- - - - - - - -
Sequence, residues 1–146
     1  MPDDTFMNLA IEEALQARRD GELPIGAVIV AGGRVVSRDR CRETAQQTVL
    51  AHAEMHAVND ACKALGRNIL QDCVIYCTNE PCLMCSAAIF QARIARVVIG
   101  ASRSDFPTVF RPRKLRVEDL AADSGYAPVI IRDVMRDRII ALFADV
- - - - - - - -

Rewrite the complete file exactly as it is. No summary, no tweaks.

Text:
Sequence, residues 1–146
     1  MPDDTFMNLA IEEALQARRD GELPIGAVIV AGGRVVSRDR CRETAQQTVL
    51  AHAEMHAVND ACKALGRNIL QDCVIYCTNE PCLMCSAAIF QARIARVVIG
   101  ASRSDFPTVF RPRKLRVEDL AADSGYAPVI IRDVMRDRII ALFADV